Plays Monk – freejazz-stef.blogspot.comOne of the essential elements in great music is the enthusiasm of the musicians. If they’re not 100% behind what they’re playing, then why would you care as a listener? There are moments when musicians excell at bringing this enthusiasm with the material across very well, and this CD is an example in case. "Plays Monk" consists of Scott Amendola on drums, Ben Goldberg on clarinet and Devin Hoff on bass, and they bring ten pieces by Monk. And what these guys do, is absolutely fabulous : the rhythm section is re-creating the tunes all by themselves, hard-hitting and very creative and modern with Monk’s material, while Goldberg is trying to keep the original melodies intact, and lifting them even to unknown territory, his clarinet as fast as the right hand of the absent piano-player. Especially Amendola is fierce at times and Hoff’s bass is more often "running" rather than "walking ", because they turn the tempo a notch higher than on the originals. The band’s objective is to find the depth and breadth of Monk’s music and they do it well, "… always aiming for the distilled truth of the music”, as they say themselves. This is indeed music stripped to its barest essence : melody, harmony, rhythm and interplay. And the material is great, and the musicians are great. Pure joy, pure fun! What more do you want?Why does it seem that the bands without pianists seem to be producing the best current interpretations of Monk material?
Last year we had Ben Riley’s gem, and now, (Plays Monk) – this thought provoking beauty – features the unlikely amalgamation of drummer Scott Amendola mixing it up with clarinetist Ben Goldberg and bassist Devin Hoff.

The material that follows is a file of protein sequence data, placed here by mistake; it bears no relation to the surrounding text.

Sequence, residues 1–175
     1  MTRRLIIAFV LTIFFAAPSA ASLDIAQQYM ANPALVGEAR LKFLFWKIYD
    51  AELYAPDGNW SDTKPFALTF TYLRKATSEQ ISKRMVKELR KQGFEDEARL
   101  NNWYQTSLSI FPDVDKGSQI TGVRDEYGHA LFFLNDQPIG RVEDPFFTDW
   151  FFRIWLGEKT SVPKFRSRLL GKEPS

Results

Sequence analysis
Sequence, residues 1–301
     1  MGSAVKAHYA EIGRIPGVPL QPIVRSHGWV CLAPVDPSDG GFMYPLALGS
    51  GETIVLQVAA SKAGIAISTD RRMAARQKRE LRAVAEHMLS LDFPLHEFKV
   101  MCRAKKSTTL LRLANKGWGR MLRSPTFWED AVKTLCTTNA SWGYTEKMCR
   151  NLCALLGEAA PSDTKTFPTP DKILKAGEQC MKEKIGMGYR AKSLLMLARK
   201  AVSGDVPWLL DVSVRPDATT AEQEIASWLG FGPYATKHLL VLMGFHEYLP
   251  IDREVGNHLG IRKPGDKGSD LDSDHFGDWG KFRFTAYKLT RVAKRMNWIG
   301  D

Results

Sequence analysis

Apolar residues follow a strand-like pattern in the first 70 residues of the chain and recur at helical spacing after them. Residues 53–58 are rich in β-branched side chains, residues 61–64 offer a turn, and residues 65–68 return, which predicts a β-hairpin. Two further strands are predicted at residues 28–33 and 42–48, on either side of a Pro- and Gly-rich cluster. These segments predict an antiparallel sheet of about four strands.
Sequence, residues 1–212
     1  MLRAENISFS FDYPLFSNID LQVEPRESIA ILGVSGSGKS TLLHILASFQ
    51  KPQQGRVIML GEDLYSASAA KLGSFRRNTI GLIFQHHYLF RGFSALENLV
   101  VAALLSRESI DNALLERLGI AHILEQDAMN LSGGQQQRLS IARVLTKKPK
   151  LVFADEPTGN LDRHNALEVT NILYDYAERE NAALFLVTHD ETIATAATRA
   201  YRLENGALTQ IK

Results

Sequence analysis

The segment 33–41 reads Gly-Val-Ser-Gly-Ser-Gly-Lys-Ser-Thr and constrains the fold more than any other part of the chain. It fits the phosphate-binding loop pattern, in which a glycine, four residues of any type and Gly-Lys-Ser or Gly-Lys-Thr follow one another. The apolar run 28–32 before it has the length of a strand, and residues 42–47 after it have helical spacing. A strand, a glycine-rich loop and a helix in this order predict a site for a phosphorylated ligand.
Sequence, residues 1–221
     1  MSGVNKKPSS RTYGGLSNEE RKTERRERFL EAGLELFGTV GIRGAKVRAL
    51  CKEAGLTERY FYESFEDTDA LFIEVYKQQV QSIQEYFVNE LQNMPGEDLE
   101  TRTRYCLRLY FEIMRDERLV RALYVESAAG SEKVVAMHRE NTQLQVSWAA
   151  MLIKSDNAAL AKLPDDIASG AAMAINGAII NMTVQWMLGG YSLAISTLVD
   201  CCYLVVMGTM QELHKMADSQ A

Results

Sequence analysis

Wisely, this trio doesn’t try to “recreate” the sound of Monk’s music; more often they take the melodies of these lesser known songs from the Monk canon and take them to the next idiosyncratic step. For instance, Goldberg’s mid and lower ranged foray on “Reflections” perfectly captures the ponderously pensive mood. Amendola and Hoff furtively create a bustled rhythm on “Little Rootie Tootie,” while Goldberg restrains the melody by playing restrained and held back loopy notes.
The tension between these two forces is joyfully palpable. The band is also able to reach the out layers of Monk’s cerebellum, as on the wild and wooly “Teo” and “Four In One.”Hoff’s bass work on the latter is a roller coaster ride in itself. The idea of taking off road excursions with Monk’s vehicle was a smart concept, and these guys do some remarkable ATVing with it.